Magnus rooms with some guy called Brad who’s determined to defy his family legacy of bloodshed and thinks that a bard would be useful on the interplanar research mission. Barry’s jury is still out, as he thinks is Magnus’, but to be fair on Brad, he wouldn’t wish Magnus Burnsides as a roommate on anybody. It’s not that he’s a bad guy - he isn’t, but he’s restless and he’s messy and Barry’s seen Magnus’ bomb site of a room enough times to know that he’d go insane in all of sixty seconds if they shared close quarters.

 

Which is a shame, because he, Magnus, Lup and Taako take it in turns at being top of their class, and if they do much better than the rest of the academy, in theory they could end up on the same ship.

 

Still, it’s hard to imagine that ever happening. Everybody at the academy - the Tiefling woman who tested with them, whose name they learn is Troth, and the shifty looking guy working the bar who might be a student but who definitely isn’t a wizard, despite his assertions to the contrary - they’re all powerful. More powerful than Barry has ever seen anywhere else. If there was one thing - and there were many - that the IPRE had categorically succeeded in, it was recruiting their world’s best and brightest.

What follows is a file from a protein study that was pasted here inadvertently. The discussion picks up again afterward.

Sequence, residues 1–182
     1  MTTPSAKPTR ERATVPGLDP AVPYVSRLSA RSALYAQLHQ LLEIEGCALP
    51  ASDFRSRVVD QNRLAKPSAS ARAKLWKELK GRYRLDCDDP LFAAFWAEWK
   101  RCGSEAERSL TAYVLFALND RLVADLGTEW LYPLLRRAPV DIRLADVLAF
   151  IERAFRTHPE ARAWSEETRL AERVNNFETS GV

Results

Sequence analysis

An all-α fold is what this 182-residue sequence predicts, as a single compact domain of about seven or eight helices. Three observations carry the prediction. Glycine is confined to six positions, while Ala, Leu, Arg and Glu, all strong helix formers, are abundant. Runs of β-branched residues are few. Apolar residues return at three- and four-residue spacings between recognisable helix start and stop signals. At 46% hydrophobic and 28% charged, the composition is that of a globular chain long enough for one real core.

So of course he’s staving off panic whilst he chews on the end of his pencil and stares at their latest assignment three months in. It doesn’t matter that he aced the written test on the entrance exam - doing better, barely, than even Taako and Lup, who were head and shoulders above most of the other entrants - that was the entrance exam. This was the real thing.

 

Barry’s brought out of his reverie by Lup - who’s kind of leaning too close for comfort but hey, whatever, he’s a grown man he can deal with this (how does she smell this nice he knows she doesn’t use perfume).

 

“Oh hey, question 12? Yeah, that was a tangle, wasn’t it?”

 

Barry makes a helpless sound of frustration. “It just doesn’t make any sense. Nightshade is the element you’d need in any other situation, but the parameters of this hypothetical eliminate that as a possibility and I don’t think there’s anything else magically compatible.” Even as he’s speaking, he’s flicking through the ‘Cabaret of Plants’ that Merle has set as their class textbook.

 

Taako, to his left, is apparently distracted with Magnus by trying to shoot paper balls at Greg Grimaldis, who’s been unfortunate enough to get their class whilst Merle was on sick (read: hangover) leave. Greg waved a hand and all six of the projectiles flying in his direction fizzle into ash as they’re hit with a carefully aimed fire spell. One of Lup’s ears flickers forwards and Barry tries to ignore how that makes him feel.

 

“I don’t want to cheat, but, can you give me a clue?”

 

“Hm?” Lup diverts her attention back to him, and then offers him a smile. Barry returns it without thinking, and behind him Taako groans.

 

“Are you two being all cutesy with each other again? Can’t you keep that lovey dovey friendship shit to your own time?” Lup sets off an explosion under his chair leg and Taako retaliates by turning her hair blue.